Mar 12, 2020


Bloodshot (2020)
Sony Pictures/Columbia Pictures

Directed by: Daniel S.F. Wilson
Written by: Jeff Wadlow, Eric Heiserrer
Starring: Vin Diesel, Eiza González, Sam Heughan, Toby Kebbell, and Guy Pearce

It’s absolutely criminal that a movie with the title Bloodshot is rated PG-13. Everything in this movie, from the way characters fight, to the injuries Vin Diesel sustains, to the broadcast TV-esque sex scene in the first 20 minutes, suggest a much tougher film somewhere. Joe Bob Briggs would be ashamed.

Alas, we live in an era where every film must not only launch a franchise, but a cinematic universe. And there are precious few cinematic universes that can begin with an R-rated title. Which is precisely why this film is the opposite of compelling. The product we watch here feels like something that went before test audience after test audience, trying to find the perfect balance of being inoffensive enough to avoid controversy, yet exciting enough to attract audiences. The final product feels entirely bland as a result.

There’s a clever idea with the origins of Vin Diesel’s Ray Garrison. He’s given a cliched action hero story: a man whose wife is murdered by Bad Guys (™) who leave him for dead. He’s then reconstructed by the military with artificial enhancements, which he then uses to seek revenge. Only, his past may be more multiple choice than he realizes.

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It’s a potentially interesting development that was unfortunately spoiled by every single one of the film’s trailers. Thus, any possible cleverness that could be had with playing those developments is washed away before the audience even enters the theater. The film then plays every familiar action movie note completely straight. No stone is left unturned here: from the quirky hacker, the beautiful partner who may or may not be attracted to our hero, the head villain with an indecipherable accent, all the familiar action movie signposts get a nod. Bloodshot even has not one, but two scenes of characters slowly walking away from explosions behind them!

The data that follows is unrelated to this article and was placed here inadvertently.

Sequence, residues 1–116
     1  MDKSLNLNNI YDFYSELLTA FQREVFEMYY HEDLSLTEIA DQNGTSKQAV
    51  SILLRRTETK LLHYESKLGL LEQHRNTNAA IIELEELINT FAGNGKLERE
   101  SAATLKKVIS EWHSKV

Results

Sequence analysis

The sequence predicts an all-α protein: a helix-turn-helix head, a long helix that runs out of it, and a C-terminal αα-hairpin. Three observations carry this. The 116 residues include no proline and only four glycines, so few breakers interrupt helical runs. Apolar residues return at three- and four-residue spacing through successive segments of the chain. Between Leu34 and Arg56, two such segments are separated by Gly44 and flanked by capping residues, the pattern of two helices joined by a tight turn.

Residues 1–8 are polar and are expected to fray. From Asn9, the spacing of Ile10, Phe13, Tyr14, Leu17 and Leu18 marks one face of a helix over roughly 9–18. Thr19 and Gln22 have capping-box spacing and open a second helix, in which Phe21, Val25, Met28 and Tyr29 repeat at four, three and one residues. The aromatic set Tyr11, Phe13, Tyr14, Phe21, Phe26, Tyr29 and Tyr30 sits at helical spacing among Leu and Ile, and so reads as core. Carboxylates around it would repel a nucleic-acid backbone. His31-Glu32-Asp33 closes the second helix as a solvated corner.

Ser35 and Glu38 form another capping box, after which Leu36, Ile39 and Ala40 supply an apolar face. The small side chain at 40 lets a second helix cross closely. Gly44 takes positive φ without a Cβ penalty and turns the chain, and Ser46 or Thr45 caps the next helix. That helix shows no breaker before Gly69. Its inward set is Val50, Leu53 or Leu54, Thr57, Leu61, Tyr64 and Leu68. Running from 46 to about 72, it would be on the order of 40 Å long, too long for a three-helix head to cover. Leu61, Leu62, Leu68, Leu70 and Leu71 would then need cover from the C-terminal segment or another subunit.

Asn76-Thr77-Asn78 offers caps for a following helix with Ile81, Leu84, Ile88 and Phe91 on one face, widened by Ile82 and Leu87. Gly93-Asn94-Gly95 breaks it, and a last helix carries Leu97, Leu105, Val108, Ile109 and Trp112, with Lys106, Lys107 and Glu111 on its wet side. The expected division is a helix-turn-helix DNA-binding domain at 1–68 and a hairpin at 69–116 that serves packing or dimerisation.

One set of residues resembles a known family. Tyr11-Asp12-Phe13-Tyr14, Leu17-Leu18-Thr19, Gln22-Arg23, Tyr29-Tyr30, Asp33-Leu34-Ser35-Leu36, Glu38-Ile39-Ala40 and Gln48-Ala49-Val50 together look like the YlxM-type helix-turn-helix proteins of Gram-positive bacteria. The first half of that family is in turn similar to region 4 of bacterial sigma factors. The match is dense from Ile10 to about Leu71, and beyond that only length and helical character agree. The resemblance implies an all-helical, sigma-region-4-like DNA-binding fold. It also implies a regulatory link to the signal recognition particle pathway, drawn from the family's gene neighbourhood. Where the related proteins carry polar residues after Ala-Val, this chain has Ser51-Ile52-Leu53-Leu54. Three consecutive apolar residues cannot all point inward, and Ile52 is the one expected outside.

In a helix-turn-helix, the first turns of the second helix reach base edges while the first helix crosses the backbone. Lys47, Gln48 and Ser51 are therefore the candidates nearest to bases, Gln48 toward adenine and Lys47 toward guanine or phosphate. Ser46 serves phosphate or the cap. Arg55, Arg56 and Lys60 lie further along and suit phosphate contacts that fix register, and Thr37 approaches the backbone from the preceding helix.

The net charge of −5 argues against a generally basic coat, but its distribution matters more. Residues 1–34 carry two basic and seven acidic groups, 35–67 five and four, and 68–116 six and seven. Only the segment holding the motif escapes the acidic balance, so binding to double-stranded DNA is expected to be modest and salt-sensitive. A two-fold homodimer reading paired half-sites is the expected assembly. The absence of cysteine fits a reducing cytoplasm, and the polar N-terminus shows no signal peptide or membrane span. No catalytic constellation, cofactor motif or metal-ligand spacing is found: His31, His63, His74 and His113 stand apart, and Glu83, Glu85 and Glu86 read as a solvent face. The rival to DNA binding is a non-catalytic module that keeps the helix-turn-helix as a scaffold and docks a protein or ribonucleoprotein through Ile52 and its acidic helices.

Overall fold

But it’s not done in the self-referential way that the first act had. Once we move past that first act revelation, the film’s flaws are even more prominent. The film begins to noticeably follow a pattern of action to exposition, action to exposition. The action sequences the exposition leads to are confusingly staged and edited. The climactic duel in particular views like a poorly-rendered cutscene from a mid-2000’s video game.

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Indeed, the film feels like a combination of the lesser parts of Metal Gear Solid and Edge of Tomorrow. Something that can imitate aspects of both works decently enough, but completely lacking the heart and soul that made either memorable. There’s nothing staggeringly terrible here, but that’s where Bloodshot’s biggest fault lies. Everything that happens here happens in the name of establishing a brand. Nothing feels like it came from a vision, misguided or otherwise.

In Edge of Tomorrow, the repetition served a thematic purpose. Here, the familiar pattern only serves to wear down our patience until the movie arrives at its abrupt conclusion. The movie ends with the promise of more sequels. If we’re lucky, perhaps the writers can pick up a fresh story or two along the way.

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